The Learning Curves for CMS

In order to use a content management system you will need to learn to use it - just like any other software.  If you have very little computer experience the learning curve for any system will be longer.

Most open source systems are very easy to use, once you get the knack.  You will have to learn a little lingo and understand how the interface is organized.   You might have to learn a little bit about web concepts to do more complex things like adding images or videos to your pages.  In other words, you should expect to spend some time learning your system.

The system offered by J2 Web Works has a very short learning curve.  It was written specifically for people who are not well versed in computer or web concepts.   In fact, if you know how to use a word processing program you probably can start making changes and adding information right away.  You can see a little demo of a scaled down version of our text editor by going to our CMS page and clicking on the "See Our Little Demo" option in the "Have A Taste" section.

What if I don't want to update my site myself?

You can still use the services of a web master to make your changes for you.  If you have a content management system in place those changes should be cheaper to make and should be made in a timely fashion.   Updating traditional web pages is time consuming and tedious so even web masters prefer to use content management where ever they can.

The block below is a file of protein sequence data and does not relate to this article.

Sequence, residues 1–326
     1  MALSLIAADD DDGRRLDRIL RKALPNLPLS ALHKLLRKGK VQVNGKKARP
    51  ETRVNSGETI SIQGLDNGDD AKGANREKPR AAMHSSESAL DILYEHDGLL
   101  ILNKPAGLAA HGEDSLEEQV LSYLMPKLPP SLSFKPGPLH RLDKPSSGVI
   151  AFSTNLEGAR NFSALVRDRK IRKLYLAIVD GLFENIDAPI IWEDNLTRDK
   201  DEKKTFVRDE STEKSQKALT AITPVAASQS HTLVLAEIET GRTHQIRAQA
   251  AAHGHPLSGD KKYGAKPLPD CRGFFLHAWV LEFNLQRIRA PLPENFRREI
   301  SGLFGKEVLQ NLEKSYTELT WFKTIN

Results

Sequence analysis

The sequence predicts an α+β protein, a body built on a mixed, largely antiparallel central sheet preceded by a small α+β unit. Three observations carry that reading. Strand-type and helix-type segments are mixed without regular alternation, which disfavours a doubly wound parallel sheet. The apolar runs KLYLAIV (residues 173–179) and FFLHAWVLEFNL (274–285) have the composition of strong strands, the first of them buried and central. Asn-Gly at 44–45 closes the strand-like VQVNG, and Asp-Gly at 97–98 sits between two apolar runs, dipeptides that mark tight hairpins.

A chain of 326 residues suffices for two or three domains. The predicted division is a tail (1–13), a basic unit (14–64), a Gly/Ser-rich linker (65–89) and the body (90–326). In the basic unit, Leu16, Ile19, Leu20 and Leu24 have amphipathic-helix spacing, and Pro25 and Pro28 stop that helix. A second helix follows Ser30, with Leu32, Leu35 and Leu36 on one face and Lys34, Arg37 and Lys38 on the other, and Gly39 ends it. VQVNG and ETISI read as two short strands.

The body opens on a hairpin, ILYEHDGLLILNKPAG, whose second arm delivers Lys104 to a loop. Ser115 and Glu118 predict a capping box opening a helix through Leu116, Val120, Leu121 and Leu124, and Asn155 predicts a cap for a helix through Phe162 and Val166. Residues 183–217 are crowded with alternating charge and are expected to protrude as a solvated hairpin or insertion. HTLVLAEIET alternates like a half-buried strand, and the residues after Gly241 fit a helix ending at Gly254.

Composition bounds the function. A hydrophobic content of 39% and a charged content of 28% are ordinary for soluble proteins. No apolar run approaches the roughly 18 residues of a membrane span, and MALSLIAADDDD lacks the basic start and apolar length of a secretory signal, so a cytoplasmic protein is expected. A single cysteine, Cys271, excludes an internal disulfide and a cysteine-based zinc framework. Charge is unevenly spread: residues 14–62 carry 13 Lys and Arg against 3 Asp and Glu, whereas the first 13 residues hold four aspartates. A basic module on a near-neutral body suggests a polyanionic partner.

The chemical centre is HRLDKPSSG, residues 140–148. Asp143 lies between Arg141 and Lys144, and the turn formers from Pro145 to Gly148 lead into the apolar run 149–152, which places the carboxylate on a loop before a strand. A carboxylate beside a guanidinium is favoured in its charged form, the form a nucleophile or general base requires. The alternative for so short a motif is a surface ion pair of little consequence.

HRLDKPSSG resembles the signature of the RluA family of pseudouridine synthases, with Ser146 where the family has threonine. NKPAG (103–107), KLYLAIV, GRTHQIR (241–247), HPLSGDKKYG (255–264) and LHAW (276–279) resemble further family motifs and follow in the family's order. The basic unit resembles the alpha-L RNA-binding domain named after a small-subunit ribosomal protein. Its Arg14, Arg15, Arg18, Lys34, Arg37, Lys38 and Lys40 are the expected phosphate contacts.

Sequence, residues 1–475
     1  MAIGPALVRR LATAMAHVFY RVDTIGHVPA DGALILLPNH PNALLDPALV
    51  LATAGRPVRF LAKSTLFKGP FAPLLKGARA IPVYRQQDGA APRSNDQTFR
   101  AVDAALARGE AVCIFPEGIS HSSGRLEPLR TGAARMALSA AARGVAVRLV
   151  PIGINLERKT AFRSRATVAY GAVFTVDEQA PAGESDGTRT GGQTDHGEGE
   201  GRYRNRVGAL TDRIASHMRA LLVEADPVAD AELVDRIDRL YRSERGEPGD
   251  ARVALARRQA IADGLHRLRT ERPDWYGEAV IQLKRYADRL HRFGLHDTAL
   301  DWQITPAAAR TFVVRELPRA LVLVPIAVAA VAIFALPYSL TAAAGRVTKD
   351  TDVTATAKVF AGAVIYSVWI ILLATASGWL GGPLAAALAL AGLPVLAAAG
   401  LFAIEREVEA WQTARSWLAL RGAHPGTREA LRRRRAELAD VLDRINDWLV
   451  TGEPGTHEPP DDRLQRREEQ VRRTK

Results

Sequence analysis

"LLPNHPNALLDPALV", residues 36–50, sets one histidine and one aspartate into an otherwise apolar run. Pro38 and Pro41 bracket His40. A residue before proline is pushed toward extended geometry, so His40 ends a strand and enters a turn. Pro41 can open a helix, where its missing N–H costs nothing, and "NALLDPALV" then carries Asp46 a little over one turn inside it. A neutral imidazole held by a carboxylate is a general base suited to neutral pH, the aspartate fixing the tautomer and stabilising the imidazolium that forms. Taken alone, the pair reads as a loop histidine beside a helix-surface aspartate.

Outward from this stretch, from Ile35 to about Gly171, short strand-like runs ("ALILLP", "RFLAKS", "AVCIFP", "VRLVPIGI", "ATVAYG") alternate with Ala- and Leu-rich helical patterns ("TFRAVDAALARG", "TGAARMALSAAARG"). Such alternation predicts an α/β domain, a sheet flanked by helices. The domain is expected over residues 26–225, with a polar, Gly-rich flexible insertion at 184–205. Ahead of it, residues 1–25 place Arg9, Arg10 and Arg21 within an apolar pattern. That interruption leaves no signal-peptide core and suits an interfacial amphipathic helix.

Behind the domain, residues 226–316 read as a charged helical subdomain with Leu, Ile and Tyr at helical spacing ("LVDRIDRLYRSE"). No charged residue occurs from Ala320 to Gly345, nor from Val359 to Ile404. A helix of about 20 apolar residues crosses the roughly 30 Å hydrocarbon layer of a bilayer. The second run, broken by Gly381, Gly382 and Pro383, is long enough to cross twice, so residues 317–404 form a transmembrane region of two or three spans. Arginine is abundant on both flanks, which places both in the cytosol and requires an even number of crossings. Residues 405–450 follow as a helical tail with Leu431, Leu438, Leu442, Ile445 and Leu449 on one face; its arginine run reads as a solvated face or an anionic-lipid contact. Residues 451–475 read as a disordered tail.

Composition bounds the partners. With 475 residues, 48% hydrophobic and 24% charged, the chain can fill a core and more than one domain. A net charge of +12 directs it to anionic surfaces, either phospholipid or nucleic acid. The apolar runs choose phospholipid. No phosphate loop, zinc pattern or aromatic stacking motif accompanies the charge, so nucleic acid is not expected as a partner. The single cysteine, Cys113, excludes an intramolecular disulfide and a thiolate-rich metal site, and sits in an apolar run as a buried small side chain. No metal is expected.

The other nice thing about having a content management system is that if your web master goes MIA (as they tend to do) a new web master will be able to pick up where the last one left off without doing extensive, and expensive, analysis.

How do I choose a Content Management System

Your content management system will depend on your priorities.  If your site is primarily a blog, you'll want to use a content management system that supports blogs heavily.  If you want photo galleries, you're going to want a system that has a photo gallery plug in.  There are many systems from which to choose and a lot of functionality to weed through to determine the best system for you.

Your web developer can help you decide which one to use.  We offer our system, which is very customizable and very easy to use, to all of our customers.  If, however, you would prefer a more mainstream system we will work with you to get your site up and running using one of those.


Who should build my Website?

You need a website.  You know pretty much what you want on it and how much you want to spend.  Now you have to find someone to build it, or you have to build it yourself.

Much of your decision will depend on your budget.

Low Budget

If you only have about $399 or less your options are limited.  Remember, a professional website takes time.  Also, your domain name and hosting will eat up a chunk of a small budget.   Your best option in this case is to find a hosting platform that has a website builder and build your website yourself. 

If that sounds scary to you, never fear.  The website builders that are available are easy to use.  They are designed to enable you to get a site up and running in a few minutes.    There are, of course, pros and cons to this choice:

  • It's cheap
  • You can get your site up in a few minutes